Almost 7 years later

I expect you can remember like myself what you were doing Sept 11 2001.

Here is an interesting article in Stars and Stripes by 4 military folks and what was going on in their lives. This got my attention:

"Childress had arrived at the Pentagon for his new assignment Sept. 4, and his household goods were to arrive the next day. But because of a clerical error, there was a delay. He was told his goods could be delivered on Monday, the 10th, or Tuesday, the 11th.

'I told them Tuesday,' he said. 'It’s a decision that saved my life. Everyone around my desk was killed.'"


I myself was working in my office at Trinity Lutheran Church in Cincinnati on a Bible study for later that week when my phone rang, "Pastor, are we going to have a special service?" I didn't have a clue as to why until they said to watch the news. I turned on the news just in time to see the second tower come down. I couldn't believe what was happening at first. I remember that very morning beginning to consider coming back into military service.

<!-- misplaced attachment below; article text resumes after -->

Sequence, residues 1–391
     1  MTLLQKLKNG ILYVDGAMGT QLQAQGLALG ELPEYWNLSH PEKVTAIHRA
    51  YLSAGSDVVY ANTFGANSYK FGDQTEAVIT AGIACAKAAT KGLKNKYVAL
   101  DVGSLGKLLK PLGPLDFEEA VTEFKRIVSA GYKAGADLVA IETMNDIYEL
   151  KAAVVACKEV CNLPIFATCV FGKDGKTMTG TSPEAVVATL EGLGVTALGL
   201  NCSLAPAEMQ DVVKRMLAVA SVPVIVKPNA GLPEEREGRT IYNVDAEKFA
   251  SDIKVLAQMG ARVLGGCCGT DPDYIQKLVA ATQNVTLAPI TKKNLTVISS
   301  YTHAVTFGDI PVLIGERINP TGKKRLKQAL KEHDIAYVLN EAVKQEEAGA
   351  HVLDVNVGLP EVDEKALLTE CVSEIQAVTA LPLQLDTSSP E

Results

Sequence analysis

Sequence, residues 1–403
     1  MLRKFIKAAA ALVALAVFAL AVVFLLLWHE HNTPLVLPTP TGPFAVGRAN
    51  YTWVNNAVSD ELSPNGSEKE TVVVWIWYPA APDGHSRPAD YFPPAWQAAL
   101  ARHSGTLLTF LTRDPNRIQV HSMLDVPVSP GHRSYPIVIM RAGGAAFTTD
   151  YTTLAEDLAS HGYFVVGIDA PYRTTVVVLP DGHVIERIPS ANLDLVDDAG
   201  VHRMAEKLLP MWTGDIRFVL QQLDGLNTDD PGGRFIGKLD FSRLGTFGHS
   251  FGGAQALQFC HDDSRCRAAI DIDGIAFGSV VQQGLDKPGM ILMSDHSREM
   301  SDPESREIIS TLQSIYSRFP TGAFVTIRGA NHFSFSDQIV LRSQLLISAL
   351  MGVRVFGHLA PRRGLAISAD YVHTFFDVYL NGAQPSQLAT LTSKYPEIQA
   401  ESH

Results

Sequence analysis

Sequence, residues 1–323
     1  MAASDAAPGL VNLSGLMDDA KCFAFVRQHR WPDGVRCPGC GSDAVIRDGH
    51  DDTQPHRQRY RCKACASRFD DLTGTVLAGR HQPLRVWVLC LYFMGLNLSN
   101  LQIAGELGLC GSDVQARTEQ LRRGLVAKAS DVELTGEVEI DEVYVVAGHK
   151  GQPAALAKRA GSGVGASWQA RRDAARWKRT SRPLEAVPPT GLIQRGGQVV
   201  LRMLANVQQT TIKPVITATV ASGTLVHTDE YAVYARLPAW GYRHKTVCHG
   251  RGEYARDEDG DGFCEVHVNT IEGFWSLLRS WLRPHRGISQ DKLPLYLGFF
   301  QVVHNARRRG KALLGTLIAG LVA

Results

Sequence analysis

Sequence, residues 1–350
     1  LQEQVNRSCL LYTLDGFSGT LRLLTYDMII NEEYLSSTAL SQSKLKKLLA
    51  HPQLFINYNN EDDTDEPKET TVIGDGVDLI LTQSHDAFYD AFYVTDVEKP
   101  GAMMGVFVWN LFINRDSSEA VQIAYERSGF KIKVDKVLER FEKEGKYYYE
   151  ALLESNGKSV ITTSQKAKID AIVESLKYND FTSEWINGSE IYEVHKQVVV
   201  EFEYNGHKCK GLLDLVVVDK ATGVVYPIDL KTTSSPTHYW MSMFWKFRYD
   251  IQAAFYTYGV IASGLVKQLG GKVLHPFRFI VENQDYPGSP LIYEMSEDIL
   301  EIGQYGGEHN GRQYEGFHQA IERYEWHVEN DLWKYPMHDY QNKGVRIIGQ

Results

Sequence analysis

We had our prayer service that night. A month later we held a commemoration memorial that we had to move out on the lawn for seating. We had a Lincoln impersonator who participated by sharing part of the Gettysburg address, a section of which I use during most of my committal services at Arlington National Cemetery.

It is such an honor to have walked the halls of the Pentagon and to stand on the ground where some of those who were killed were laid to rest. These sights are a constant reminder to me of the sacrifices made and the need for service so that ...the government of the people, for the people, and by the people shall not perish from the earth." These sights remind me of my daily commitment to winning this war in whatever small way that I can contribute to the struggle.